July 31, 2006

Nice place for a holiday

I’m not happy. There’s yet another survey about happiness, the third in the space of a month. This time we’re told that the Danes are the gurning champions of the world, by virtue of a survey asking people about their general wellbeing.
A previous survey informed us that Iceland was the happiest country, so there must be something about Viking culture that predisposes them to lifelong chirpiness when they’re not committing suicide (Denmark had the highest suicide rate in western Europe in the 1980s).
These lists are always more fun when you start at the bottom. In this case you’ll see the unhappiest nations are the the real basket cases (e.g. Congo, Zimbabwe), which suggests that maybe this is another survey part-sponsored by my alma mater, The University of the Bleedin’ Obvious.
The odd thing is that I know at least three Zimbabweans and they are amongst the happiest people I’ve ever met, and several Danes of my acquaintance are gloomier than a French art movie.
In the middle of the list you’ll find the world’s troublemakers (USA, China, France, Russia). This is unsurprising when we consider the split personality characteristic of the world’s most powerful countries: they have the means to make their people the happiest on earth, but appear to get more satisfaction by wasting these resources on making everyone else miserable.
Yes, the UK is amongst this pack too, its four main constituents having their own unique reasons to be unhappy: the Welsh because their neighbours are the English, the Scots because the English nicked their oil, the Northern Irish because of that English bloke Oliver Cromwell and the English aren’t happy because they don’t like the English (no, really).
Get to the top of the list and you’ll see that the so-called happy nations are probably the most boring. Switzerland is number two, for heaven’s sake. As Harry Lime quipped in The Third Man: "In Switzerland they had brotherly love - they had 500 years of democracy and peace, and what did that produce? The cuckoo clock."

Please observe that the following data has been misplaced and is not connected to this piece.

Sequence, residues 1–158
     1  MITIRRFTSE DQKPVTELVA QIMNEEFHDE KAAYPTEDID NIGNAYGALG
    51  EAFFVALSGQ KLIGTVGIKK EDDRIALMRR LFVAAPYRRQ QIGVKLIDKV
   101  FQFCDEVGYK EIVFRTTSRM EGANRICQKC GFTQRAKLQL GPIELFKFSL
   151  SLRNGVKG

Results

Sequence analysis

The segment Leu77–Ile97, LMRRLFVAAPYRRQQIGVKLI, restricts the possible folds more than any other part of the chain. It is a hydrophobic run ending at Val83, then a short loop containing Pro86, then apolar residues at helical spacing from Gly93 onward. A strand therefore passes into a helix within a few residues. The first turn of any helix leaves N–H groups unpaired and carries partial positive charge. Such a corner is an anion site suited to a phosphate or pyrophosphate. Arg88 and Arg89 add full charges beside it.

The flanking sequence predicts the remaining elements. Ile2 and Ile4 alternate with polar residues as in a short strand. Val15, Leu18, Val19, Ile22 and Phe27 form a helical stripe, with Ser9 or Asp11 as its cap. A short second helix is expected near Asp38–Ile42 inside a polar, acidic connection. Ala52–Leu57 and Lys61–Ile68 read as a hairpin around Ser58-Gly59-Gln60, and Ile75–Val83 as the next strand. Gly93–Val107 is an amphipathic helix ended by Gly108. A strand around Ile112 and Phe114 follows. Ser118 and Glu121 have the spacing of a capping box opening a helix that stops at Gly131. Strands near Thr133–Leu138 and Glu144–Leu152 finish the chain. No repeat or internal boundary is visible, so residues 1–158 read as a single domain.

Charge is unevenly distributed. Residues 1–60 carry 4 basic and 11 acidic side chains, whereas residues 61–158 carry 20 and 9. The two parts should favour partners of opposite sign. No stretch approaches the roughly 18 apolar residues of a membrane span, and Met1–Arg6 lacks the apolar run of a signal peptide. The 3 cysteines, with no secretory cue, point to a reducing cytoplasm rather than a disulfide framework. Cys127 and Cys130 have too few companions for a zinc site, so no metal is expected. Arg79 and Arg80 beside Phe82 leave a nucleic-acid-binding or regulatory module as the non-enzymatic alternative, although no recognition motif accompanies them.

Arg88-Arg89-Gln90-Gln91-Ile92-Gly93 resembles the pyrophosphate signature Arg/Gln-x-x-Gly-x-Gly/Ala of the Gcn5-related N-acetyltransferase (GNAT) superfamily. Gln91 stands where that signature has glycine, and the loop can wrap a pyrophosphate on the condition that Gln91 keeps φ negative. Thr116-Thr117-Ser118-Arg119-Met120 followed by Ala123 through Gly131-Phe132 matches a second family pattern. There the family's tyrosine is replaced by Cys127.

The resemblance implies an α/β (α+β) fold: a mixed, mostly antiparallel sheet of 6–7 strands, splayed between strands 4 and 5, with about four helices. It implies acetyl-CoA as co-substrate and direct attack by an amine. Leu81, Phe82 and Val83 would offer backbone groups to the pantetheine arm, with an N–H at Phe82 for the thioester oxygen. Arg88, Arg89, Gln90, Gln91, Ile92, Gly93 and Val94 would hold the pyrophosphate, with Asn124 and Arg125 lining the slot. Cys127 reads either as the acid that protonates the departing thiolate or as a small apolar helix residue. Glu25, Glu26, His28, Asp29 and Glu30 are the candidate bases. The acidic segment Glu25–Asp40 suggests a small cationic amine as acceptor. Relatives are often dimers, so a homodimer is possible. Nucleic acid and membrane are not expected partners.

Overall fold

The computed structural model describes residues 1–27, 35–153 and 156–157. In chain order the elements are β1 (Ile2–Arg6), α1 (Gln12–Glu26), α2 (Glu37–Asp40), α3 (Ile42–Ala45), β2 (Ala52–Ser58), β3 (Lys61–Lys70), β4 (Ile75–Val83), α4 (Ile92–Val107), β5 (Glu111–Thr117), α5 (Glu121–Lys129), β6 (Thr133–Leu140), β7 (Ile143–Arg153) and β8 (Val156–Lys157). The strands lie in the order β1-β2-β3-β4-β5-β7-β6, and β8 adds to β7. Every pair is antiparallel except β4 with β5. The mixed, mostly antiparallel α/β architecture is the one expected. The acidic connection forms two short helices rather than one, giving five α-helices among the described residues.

See also: What I need is… a small island (Vanuatu is the happiest place on earth) and: Happy as a Viking on a rampage (No it isn’t. It’s Iceland!).

Tags: Surveys

Today's achievement: I can see my toes

And so it was back to the world of Second Life. My second visit left me feeling as baffled as my first, my main achievements after one hour being that I learned how to look at my feet, turn to face the camera, and perform a pre-programmed dance that in real life would have got me beaten up.
Depressingly, I have yet to see evidence that this artificial world welcomes ugly avatars (like mine). And there are too many people shuffling up to the on-screen mentors asking idiot questions like "Dude, where can I find a kick-ass weapon?"
In avatar experience terms, I’m clearly still a toddler. How on earth the entrepreneurs who are building business empires in this environment ever found the patience to achieve this, I’ll never know.

Tags: Online

July 28, 2006

I'm hungry. Get me a woman. A big woman – now!

Oh boy, you’ve got to love this. The BBC reports that a study of 61 male university students found those who were hungry were attracted to heavier women than those men who had eaten. The hungry men also paid much less attention to a woman's body shape and regarded less curvy figures as more attractive than did the men with full bellies.
I like the fact that the sample was a group of students. Think about this. Males, probably aged 18-21, away from their parents for the first time. Under these circumstances, they’d shag anything in a skirt, their sexual prejudices swinging like a pendulum after every visit to the student union bar.
Also, a hungry student, being virtually penniless, would subconsciously equate a well-fed woman with a meal ticket. Shag her, and she might give you a doughnut.
Mind you, there’s probably enough mileage in this survey to convince someone to sponsor a larger survey using a more representative sample. Think of the possibilities for advertisers: ass- or boobvertising on Juno-esque women, their bumpy bits promoting pizzas and burgers shortly before lunchtime. Or better still, big women eating pizzas and burgers shortly before lunchtime.
Oh, hang on, I see someone’s already thought of that; there are hundreds of them on Oxford Street.

See also: 10,10,10,10,10 and 10

Tags: Human behaviour, Sex, Surveys

We will tell you what to think

Being independent, I now disagree with The Independent. Thanks for shoving your views down my throat, Indy.
The covers of the red-top tabloids scream their opinions every day, which is to be expected.
However, even if you didn’t know the political bias of the quality papers, you would expect to be able to read something on the front page. A few facts would be nice.